While the continuing refugee crisis is never too far away from new headlines, the discourse is rarely positive or not toxic. Indeed, many people seem to forget that these are ordinary families. Normal people driven from their homeland by war, poverty, persecution or a myriad of other reasons. Everyone has their own individual story. Their own trauma. Their own unique and distinct experiences and viewpoints.
In her first feature documentary, Iranian artists and filmmaker Vida Dena tackles the refugee experience by interacting with a Syrian family living in Brussels. We rarely leave their home as we get to know this lively and friendly bunch. They have a shared passion for drawing and in My Paper Life it’s cleverly used to embellish discussions. The two eldest daughters, Hala and Rima, are the main focus.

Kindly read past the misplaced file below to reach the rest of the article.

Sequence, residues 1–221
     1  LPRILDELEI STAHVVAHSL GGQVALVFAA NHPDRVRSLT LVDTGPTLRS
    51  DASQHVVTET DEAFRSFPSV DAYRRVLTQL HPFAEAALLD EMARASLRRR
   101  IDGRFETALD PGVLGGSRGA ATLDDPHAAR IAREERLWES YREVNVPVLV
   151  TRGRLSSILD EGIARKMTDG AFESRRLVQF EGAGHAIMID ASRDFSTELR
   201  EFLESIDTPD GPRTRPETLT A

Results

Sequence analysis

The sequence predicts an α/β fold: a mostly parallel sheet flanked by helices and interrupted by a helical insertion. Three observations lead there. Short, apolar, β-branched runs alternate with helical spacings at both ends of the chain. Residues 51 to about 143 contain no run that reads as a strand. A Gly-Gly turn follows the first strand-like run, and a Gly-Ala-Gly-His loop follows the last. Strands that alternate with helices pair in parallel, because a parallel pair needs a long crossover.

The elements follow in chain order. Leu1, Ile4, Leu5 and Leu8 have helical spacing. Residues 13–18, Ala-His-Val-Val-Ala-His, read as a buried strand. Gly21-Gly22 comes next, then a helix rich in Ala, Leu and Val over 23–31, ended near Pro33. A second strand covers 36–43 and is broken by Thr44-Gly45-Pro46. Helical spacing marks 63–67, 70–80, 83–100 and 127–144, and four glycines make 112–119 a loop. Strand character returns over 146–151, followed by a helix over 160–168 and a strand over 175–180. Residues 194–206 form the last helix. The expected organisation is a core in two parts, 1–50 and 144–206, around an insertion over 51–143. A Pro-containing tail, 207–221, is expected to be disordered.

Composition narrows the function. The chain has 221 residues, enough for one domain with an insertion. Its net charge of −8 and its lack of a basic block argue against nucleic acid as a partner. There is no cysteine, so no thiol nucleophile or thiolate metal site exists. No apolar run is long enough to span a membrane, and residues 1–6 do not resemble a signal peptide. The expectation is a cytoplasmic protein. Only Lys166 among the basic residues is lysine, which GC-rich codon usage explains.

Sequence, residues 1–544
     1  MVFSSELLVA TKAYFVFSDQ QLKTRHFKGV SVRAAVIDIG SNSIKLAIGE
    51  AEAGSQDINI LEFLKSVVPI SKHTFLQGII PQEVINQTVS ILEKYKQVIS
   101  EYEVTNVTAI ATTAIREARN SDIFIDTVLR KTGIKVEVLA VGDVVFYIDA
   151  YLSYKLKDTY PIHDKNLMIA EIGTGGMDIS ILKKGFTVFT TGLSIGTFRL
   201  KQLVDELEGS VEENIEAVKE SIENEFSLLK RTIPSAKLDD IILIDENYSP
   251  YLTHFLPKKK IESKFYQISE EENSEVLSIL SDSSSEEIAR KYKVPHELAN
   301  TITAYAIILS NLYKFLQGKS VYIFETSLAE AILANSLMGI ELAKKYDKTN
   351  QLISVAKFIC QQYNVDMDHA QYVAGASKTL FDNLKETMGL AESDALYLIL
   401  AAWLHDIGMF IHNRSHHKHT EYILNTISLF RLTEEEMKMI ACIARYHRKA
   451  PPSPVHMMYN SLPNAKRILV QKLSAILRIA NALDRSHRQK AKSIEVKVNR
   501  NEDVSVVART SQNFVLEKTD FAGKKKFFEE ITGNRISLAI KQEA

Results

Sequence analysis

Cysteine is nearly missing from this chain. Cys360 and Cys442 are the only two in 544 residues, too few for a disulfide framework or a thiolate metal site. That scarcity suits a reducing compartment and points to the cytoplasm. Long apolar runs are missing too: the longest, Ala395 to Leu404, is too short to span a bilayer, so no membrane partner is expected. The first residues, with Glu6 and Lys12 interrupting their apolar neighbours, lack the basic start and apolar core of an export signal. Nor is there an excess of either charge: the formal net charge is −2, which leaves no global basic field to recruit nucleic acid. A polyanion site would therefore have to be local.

My Paper Life is an intimate and affable portrait of a family trying to make a new start in an alien country. Dena, living in self-imposed exile in Belgium herself, captures what life is like for one group of people fleeing war. While they have all the same hopes, anxieties and fears as most people their age, the spectre of trauma lurks quietly in the background. Often unnoticed and unmentioned. My Paper Life is a highly empathetic piece of documentary filmmaking.
My Paper Life screened at Visions du Réel.